Taken together, our work underscores the dominant role of LEDGF/p75 over HRP-2 in HIV-1 replication, which can be explained by the lower affinity of HRP-2 for HIV-1 IN compared to LEDGF/p75 [7, 9, 15]. Since HRP-2 overexpression in LEDGF/p75-depleted cells rescues HIV-1 replication, the relative expression levels of LEDGF/p75 and HRP-2 in relevant primary host cells are of importance. Different groups have reported on expression levels of LEDGF/p75 in primary activated and resting T-cells  or in different patient populations [22, 23], yet the levels in other subsets of HIV target-cells as well as the HRP-2 expression levels remain to be determined. Currently, there is no evidence that HRP-2 plays a role in HIV-1 replication in cells expressing WT levels of LEDGF/p75. Both LEDGF/p75 and HRP-2 carry a PWWP domain, recently identified as a chromatin reader recognizing epigenetic marks, such as methylated histone side-chains [6, 24, 25]. Previously, we demonstrated that swapping the PWWP-domain of LEDGF/p75 with that of HRP-2 could rescue lentiviral replication and integration site selection in genes . Here, integration distribution in LEDGF/p75 KD cells overexpressing HRP-2 was comparable to wild-type cells (Figure 3 and Additional file 2 and 3), suggesting only subtle differences between LEDGF/p75 and HRP-2 for the interaction with the local chromatin. Although LEDGF/p75 and HRP-2 double KD shifted integration significantly out of transcription units, integration remained distinct from random in the double KD cells (Table 1). Multiple (mutually non-exclusive) reasons can be put forward to explain this observation. First, in these experiments we employed RNAi and even though the knockdown was potent (>90% and 84% on mRNA level for LEDGF/p75 and HRP-2 respectively), residual LEDGF/p75 and HRP-2 might account for the residual bias. The generation of a human double KO cell line, devoid of both LEDGF/p75 and HRP-2, will provide a more definite answer. Second, this result could suggest the presence of additional cellular co-factor(s) that affect targeting in the absence of LEDGF/p75 and HRP-2. Transcription factor IIS (TFIIS) for example harbors an IBD-like domain [6, 8], although structurally more distantly related to the IBD of LEDGF/p75 and HRP-2, but lacks a PWWP-domain. However, in the presence of LEDGF/p75, HRP-2 does not seem to play a role in HIV replication  or targeting (this work), suggesting alternate IBD containing tethers will probably only play a minor role in HIV replication or targeting in WT conditions, unless expression levels differ strongly, accrediting LEDGF/p75 as principal tether . Third, the bias might reflect specific constraints of the viral IN, the local chromatin environment or the pre-integration complex itself. Although HIV integration favors weak palindromic sequences, our analysis indicated that this preference is irrespective of the presence or absence of LEDGF/p75 and/or HRP-2 ( and data not shown).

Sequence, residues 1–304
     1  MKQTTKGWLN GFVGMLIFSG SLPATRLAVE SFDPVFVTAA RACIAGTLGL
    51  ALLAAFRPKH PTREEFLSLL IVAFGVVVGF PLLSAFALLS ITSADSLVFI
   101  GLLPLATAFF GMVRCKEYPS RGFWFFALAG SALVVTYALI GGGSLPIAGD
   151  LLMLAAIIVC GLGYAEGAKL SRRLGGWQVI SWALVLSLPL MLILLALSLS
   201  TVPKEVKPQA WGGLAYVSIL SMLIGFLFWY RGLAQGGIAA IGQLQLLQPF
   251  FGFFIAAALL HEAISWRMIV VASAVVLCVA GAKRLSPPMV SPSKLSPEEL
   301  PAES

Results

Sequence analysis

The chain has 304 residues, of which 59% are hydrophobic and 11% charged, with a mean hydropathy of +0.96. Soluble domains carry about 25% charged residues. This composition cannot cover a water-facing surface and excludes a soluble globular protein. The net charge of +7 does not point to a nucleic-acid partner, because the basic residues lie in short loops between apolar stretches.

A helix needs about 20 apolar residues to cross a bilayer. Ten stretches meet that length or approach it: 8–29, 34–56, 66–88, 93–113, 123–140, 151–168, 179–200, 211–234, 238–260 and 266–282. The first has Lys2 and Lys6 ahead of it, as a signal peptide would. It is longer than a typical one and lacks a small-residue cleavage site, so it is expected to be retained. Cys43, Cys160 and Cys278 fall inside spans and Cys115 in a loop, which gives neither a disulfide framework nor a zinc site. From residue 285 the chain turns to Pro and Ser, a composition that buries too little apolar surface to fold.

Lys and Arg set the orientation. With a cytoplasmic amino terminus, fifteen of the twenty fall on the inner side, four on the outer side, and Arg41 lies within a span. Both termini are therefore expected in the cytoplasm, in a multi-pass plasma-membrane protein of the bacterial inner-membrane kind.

In conclusion, our data provide an explanation for why LEDGF/p75 depletion alone does not completely retarget integration distribution towards random, and they fit with previous data that HRP-2 binds the IN dimer with lower affinity [7, 9]. These data also reinforce our understanding that LEDGF/p75 is the dominant cellular co-factor determining HIV-1 integration site selection.
RS and JDR are doctoral fellows of the Flemish Fund for Scientific Research (FWO Vlaanderen), SV is a doctoral fellow of the Iwild-type. JDR is holder of a Mathilde-Krim postdoctoral fellowship (amfAR). Research was funded by grants from the Iwild-type (SBO grant CellCoVir), the FWO and the EU (FP7 THINC). This work was supported by NIH grants AI52845 and AI082020, the University of Pennsylvania Center for AIDS Research, and the Penn Genome Frontiers Institute with a grant with the Pennsylvania Department of Health. The funders had no role in study design, data collection and analysis, decision to publish, or preparation of the manuscript.
Schroder AR, Shinn P, Chen H, Berry C, Ecker JR, Bushman F: HIV-1 integration in the human genome favors active genes and local hotspots. Cell. 2002, 110: 521-529. 10.1016/S0092-8674(02)00864-4.
Ciuffi A, Llano M, Poeschla E, Hoffmann C, Leipzig J, Shinn P, Ecker JR, Bushman F: A role for LEDGF/p75 in targeting HIV DNA integration. Nat Med. 2005, 11: 1287-1289. 10.1038/nm1329.
Shun MC, Raghavendra NK, Vandegraaff N, Daigle JE, Hughes S, Kellam P, Cherepanov P, Engelman A: LEDGF/p75 functions downstream from preintegration complex formation to effect gene-specific HIV-1 integration. Genes Dev. 2007, 21: 1767-1778. 10.1101/gad.1565107.
Marshall HM, Ronen K, Berry C, Llano M, Sutherland H, Saenz D, Bickmore W, Poeschla E, Bushman FD: Role of PSIP1/LEDGF/p75 in lentiviral infectivity and integration targeting. PLoS One. 2007, 2: e1340-10.1371/journal.pone.0001340.